Mixes Sound Like Bedroom Demos? You Need to Hear This (THE HONEST TRUTH)

I get a lot of questions like this…

“I can’t achieve the sound in my head. What am I doing wrong?”

“My mixes sound like bedroom demos. How do I make them sound professional?”

“I have spent thousands on gear, but my mixes are still demo quality. Is there something I’m missing?”

Can you relate?

In this video, you’re going to learn exactly why your mixes still sound like demos.

If you want to make music that sounds radio-ready, but you’re frustrated, because you don’t know where you’e going wrong, keep watching.

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I get a lot of questions like this. I can’t achieve the sound in my head. What am I doing wrong? My mixes sound like bedroom demos. How do I make them sound professional? I’ve spent thousands on gears but mixes are still bedroom demo quality. Is there something I’m missing?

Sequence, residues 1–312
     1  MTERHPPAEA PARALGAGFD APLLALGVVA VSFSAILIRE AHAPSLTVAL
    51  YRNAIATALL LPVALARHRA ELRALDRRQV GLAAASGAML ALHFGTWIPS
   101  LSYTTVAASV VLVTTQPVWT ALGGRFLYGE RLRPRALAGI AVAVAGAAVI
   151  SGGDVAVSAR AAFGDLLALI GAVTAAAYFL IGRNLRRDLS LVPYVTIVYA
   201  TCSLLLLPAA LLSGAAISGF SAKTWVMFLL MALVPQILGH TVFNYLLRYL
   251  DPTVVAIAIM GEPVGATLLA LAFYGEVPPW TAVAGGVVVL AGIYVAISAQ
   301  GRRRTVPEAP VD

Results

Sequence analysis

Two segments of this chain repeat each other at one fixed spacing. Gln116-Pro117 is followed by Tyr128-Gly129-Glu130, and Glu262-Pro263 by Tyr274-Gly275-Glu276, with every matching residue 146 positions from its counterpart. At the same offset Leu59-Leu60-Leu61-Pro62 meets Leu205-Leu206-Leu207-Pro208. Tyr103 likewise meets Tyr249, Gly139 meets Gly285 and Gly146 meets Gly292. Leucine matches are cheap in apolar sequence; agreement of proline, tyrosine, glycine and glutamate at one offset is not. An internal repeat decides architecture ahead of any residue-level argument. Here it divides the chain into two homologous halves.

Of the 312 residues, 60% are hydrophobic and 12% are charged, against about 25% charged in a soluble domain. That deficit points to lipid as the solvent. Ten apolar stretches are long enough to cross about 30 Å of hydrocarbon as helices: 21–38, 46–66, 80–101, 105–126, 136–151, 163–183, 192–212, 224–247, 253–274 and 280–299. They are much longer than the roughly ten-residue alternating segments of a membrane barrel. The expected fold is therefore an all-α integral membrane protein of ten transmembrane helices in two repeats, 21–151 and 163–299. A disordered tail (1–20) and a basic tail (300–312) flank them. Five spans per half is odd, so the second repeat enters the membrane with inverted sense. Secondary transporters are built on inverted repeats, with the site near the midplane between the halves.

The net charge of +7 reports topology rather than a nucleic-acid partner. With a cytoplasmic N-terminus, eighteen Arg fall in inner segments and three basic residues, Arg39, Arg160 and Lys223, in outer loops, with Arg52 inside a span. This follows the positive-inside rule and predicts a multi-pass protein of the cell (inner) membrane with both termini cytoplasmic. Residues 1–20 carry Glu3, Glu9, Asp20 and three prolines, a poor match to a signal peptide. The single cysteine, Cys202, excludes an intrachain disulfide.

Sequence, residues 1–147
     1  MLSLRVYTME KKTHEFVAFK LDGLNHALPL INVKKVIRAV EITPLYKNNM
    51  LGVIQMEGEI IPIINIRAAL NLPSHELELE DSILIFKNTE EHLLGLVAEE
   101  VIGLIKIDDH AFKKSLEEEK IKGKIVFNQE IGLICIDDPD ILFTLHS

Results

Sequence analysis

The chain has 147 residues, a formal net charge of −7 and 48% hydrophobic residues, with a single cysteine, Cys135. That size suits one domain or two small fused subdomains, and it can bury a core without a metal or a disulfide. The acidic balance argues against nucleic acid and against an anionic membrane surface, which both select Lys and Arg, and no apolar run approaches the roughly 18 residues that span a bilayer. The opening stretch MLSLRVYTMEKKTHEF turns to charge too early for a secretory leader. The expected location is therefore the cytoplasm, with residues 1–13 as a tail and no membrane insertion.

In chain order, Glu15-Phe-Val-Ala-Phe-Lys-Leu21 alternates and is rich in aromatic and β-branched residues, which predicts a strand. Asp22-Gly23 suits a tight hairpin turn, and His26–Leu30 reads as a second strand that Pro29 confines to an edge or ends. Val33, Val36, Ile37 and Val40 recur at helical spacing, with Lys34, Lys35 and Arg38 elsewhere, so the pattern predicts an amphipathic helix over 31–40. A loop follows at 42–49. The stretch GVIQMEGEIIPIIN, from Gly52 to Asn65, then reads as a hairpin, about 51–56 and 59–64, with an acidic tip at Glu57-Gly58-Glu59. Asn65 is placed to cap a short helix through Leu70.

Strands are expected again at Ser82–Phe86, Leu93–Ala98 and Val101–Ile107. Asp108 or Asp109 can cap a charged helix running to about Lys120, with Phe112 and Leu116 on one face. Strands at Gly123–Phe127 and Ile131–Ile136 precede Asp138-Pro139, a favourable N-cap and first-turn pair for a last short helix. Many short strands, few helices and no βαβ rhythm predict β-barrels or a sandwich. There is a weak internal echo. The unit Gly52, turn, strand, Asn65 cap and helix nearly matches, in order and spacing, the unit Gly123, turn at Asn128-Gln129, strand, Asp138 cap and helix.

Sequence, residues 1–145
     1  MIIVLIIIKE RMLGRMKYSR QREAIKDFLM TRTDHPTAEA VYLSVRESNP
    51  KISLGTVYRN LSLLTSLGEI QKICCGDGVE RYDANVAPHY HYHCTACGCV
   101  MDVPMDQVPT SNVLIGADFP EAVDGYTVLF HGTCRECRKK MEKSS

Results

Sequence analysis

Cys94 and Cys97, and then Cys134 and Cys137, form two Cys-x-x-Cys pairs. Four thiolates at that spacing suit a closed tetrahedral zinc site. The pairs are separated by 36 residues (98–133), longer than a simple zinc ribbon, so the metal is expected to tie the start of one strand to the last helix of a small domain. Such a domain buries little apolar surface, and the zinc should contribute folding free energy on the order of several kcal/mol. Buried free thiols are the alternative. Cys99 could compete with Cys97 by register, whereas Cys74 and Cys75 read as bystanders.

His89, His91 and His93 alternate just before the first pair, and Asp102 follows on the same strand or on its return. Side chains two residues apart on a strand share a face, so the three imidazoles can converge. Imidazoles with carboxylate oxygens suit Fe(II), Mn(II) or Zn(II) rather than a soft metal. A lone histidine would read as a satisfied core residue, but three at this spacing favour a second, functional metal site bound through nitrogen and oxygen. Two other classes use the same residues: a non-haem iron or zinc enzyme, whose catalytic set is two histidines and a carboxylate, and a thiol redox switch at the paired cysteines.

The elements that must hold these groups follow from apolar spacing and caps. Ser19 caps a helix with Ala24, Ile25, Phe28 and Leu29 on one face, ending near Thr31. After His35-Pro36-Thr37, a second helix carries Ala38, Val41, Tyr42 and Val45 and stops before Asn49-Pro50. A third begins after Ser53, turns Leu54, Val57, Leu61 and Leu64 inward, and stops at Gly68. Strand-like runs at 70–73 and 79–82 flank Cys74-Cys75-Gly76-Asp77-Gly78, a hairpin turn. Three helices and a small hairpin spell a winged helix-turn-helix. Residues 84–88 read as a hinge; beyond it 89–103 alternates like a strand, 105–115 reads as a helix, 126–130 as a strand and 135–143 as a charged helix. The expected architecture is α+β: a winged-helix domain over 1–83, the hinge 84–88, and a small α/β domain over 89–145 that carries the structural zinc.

Can you relate?

I’m Rob Mayzes from musicianonamission.com and in this video you’re going to learn exactly why your mixes might still sound like bedroom demos. If you want to make music that sounds radio ready, but you’re frustrated because you don’t know where you’re going wrong.

Keep watching.

What I’m about to share in this video is what enabled me to go from mixes like this to mixes like this.

Let’s do this.

Now most people who’re stuck in demo land blame their mixes. They think they need better plug-ins and more mixing tricks. No, that’s where you’re going wrong. Here’s the honest truth. The fate of your mix is decided before you even start mixing. Now, what do I mean by that? Is there some kind of mixing God who predetermines the quality of your mix?